Massachusetts' summer playground

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Escape to the sandy beaches and clapboard villages of Cape Cod, says Kate Simon

"I didn't eat any lobster yesterday, I'll have to make up for that." My travelling companion, Rachel, is determined that a day will not pass on our tour of Cape Cod without lobster featuring in one of her meals. It's not a big ask: lobster is as common as chips here. They load it into buns and heap it on to salads with such generosity that it's hard to resist gorging on the sweet pink meat.

Eating locally caught lobster – along with clams, oysters and crab – is just one of the joys of Cape Cod, the flexed arm of land that juts off Massachusetts' southernmost point into the Atlantic. The 340 square mile area is portioned into the Upper Cape, the western end taking in Bourne, Sandwich, Falmouth and Mashpee, the Mid Cape, from Barnstable to Dennis, and the Lower Cape, between Harwich and Provincetown at the north-east tip.

Once a peninsula, the Cape was transformed into an island by the construction of a canal in 1914 between Cape Cod Bay in the east and Buzzards Bay in the west. The Bourne and Sagamore bridges, which span the man-made waterway, heave with traffic between Memorial Day (the last Monday in May) and Labor Day (the first Monday in September), when holidaymakers and second-home owners flee Boston and New York to wiggle their toes in white sands and breathe in the fresh salty air on the Cape's 560 miles of coastline.

This landscape of dune-backed beaches, lighthouses and clapboard and shingle dwellings seduces visitors to pull on their linen shirts and loafers and bunk down in B&Bs and holiday homes, swelling the resident population of about 200,000 to half a million. They come to sit on the sands (there are about 60 beaches), mess about on boats, go in search of whales, hunt for big-game fish, play golf and ramble or cycle amid the dunes, marshes, pine woods and cranberry bogs.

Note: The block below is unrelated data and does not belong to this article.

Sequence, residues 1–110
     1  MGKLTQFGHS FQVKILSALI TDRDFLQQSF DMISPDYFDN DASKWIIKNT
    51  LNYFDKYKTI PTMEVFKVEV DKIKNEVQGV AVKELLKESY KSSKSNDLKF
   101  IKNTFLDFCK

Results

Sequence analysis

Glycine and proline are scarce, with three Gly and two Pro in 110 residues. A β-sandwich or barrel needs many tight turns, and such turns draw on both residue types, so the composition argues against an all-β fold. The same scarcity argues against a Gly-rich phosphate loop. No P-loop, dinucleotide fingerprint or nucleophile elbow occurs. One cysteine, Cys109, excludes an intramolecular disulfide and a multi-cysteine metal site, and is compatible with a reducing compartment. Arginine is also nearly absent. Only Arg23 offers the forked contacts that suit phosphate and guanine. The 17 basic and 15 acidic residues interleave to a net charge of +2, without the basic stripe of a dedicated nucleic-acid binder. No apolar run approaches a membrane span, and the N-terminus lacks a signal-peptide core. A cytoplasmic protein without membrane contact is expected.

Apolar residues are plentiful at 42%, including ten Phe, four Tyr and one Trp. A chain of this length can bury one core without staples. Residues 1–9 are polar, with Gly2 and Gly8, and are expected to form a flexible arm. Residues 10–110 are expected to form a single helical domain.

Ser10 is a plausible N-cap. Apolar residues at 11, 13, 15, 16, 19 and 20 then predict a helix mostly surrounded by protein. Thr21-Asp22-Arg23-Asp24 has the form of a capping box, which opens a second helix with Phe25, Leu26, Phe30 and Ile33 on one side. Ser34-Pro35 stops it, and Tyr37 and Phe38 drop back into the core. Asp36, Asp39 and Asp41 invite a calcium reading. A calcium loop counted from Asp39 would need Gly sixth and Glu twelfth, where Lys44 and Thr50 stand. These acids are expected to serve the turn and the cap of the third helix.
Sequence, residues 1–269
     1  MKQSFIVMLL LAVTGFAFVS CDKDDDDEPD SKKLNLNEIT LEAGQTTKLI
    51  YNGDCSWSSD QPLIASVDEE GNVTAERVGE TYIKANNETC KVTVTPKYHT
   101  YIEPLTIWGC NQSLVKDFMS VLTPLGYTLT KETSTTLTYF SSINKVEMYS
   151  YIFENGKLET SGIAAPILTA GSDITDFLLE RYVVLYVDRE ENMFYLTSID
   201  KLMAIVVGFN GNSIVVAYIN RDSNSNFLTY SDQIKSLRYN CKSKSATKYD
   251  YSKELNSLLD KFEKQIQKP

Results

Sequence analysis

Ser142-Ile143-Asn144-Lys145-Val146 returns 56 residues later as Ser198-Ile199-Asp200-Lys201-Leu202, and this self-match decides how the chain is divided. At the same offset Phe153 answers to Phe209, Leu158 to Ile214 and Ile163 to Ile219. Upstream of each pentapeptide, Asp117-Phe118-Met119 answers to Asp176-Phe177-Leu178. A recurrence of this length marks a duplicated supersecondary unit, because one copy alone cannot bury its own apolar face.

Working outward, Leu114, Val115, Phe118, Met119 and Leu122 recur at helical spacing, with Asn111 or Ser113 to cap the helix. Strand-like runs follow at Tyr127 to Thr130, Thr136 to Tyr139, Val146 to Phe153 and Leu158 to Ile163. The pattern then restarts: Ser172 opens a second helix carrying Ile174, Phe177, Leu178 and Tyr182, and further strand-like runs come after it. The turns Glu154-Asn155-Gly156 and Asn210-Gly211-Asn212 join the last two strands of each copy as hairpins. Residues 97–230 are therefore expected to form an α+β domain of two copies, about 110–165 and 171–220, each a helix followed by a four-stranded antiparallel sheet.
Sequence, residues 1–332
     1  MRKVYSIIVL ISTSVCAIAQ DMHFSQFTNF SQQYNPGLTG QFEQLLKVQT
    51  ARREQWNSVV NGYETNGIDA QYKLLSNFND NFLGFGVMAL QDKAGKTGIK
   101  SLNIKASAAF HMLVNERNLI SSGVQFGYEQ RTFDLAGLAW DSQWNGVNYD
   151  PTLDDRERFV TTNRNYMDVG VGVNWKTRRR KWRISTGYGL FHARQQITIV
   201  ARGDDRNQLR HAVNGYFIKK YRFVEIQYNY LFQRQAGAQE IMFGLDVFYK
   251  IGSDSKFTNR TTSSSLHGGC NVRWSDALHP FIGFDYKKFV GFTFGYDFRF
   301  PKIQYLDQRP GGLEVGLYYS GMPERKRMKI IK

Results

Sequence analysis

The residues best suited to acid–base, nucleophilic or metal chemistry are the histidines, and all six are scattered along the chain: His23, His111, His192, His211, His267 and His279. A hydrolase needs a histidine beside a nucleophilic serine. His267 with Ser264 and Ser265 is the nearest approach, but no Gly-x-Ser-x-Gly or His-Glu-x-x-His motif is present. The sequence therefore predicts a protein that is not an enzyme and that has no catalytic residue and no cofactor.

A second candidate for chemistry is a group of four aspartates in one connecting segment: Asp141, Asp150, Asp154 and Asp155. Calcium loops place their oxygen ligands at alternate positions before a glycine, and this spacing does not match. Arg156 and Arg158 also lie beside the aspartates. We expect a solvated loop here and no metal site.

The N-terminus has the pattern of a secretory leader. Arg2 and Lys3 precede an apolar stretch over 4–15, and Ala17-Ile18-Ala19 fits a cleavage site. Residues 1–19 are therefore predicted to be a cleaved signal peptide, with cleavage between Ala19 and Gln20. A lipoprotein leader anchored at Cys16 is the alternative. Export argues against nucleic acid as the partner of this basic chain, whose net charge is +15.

Tourism took off on Cape Cod in the late 1800s and was boosted in the mid-20th century when John F Kennedy made Hyannis Port his summer retreat – holidays at the family compound are recorded in photos at the rather provincial John F Kennedy Hyannis Museum (001 508 790 3077; jfkhyannismuseum.org; 397 Main Street; $8/£5). Since the 1970s, Provincetown has been a favourite holiday hangout for the gay and lesbian community. The Cape picks up passing visitors, too, heading to the nearby islands of Martha's Vineyard and Nantucket.

But Cape Cod offers more than wide skies. Provincetown is where the Pilgrim Fathers first made landfall in the Mayflower in 1620 (they later settled at Plymouth), commemorated by the Pilgrim Monument (001 508 487 1310; pilgrim-monument.org; $12/£8), a 252ft-high turreted tower built in 1910 which dominates the town.

Many of the names of Cape Cod's communities are reminders of the world the Pilgrims left behind – Truro, Chatham, Sandwich, Falmouth, Harwich, Yarmouth and Barnstable. Mashpee and Sagamore recall the original inhabitants, the Wampanoag Native Americans, who lost their land to the English colonists they had helped. Their ancestors still live here and their story is told at the Mashpee Wampanoag Indian Museum (001 508 477 9339; mashpeewampanoagtribe.com, donations).

Creatures from the deep

The waters around Cape Cod are so popular with whales that many of the boats are prepared to guarantee a sighting.

You don't have to go far from Provincetown, pictured, to see these leviathans emerge from the deep. At the edge of the Stellwagen Bank National Marine Sanctuary (stellwagen.noaa.gov), humpbacks, minkes, the endangered right and the second largest whale on Earth, the fin, are frequently seen. Porpoises, dolphins and seals provide a delightful supporting cast. The Dolphin Fleet (001 508 240 3636; whalewatch.com; from $42/£28) offers tours of between three and four hours, led by a naturalist, from the MacMillan Pier at Provincetown. From Hyannis, try Hyannis Whale Watcher Cruises (whales.net; tickets $49/£33).